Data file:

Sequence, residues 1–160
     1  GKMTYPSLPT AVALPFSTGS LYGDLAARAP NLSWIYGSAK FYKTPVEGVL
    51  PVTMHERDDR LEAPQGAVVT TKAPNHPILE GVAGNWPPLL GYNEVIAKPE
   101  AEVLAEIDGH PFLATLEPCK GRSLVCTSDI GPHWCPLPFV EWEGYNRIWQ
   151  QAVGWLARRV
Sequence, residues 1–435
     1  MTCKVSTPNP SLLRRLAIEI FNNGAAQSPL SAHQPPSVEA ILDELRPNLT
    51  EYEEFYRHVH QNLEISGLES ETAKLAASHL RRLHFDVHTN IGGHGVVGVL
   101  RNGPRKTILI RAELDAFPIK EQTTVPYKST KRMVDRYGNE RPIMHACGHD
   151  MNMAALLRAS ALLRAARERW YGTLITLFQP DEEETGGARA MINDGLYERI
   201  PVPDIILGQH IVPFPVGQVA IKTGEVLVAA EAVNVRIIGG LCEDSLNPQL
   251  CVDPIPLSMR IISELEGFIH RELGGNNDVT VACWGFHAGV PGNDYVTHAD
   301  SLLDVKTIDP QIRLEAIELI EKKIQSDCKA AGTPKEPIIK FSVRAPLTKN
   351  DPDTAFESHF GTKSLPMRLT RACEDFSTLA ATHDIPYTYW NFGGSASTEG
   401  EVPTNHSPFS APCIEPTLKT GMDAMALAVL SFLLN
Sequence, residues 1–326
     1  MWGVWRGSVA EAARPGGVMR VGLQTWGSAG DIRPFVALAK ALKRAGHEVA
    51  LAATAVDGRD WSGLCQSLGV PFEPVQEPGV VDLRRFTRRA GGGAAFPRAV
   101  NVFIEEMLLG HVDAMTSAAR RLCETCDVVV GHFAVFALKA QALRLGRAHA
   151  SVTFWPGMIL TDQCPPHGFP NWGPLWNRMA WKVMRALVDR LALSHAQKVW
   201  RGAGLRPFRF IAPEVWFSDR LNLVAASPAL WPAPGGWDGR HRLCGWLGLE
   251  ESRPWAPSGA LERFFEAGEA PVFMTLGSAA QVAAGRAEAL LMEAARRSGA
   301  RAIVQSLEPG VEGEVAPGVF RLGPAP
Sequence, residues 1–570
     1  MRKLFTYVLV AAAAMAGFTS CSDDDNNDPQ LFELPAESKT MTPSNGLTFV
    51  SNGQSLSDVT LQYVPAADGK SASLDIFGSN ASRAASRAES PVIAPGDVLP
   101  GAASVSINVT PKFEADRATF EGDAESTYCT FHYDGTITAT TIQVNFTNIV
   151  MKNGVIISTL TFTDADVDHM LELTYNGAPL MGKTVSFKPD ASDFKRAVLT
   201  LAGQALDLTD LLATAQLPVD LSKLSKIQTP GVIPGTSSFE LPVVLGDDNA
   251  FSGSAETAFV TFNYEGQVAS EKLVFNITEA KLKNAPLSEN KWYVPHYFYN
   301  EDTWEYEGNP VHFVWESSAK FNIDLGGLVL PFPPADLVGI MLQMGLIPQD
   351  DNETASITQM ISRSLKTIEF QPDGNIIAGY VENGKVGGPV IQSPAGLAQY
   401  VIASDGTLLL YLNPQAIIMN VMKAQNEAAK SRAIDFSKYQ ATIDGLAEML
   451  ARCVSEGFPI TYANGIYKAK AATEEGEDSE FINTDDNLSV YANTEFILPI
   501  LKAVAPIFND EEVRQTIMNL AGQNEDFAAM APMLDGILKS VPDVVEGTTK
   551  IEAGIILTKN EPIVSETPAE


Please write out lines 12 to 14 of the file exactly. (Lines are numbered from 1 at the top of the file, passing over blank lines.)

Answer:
   251  CVDPIPLSMR IISELEGFIH RELGGNNDVT VACWGFHAGV PGNDYVTHAD
   301  SLLDVKTIDP QIRLEAIELI EKKIQSDCKA AGTPKEPIIK FSVRAPLTKN
   351  DPDTAFESHF GTKSLPMRLT RACEDFSTLA ATHDIPYTYW NFGGSASTEG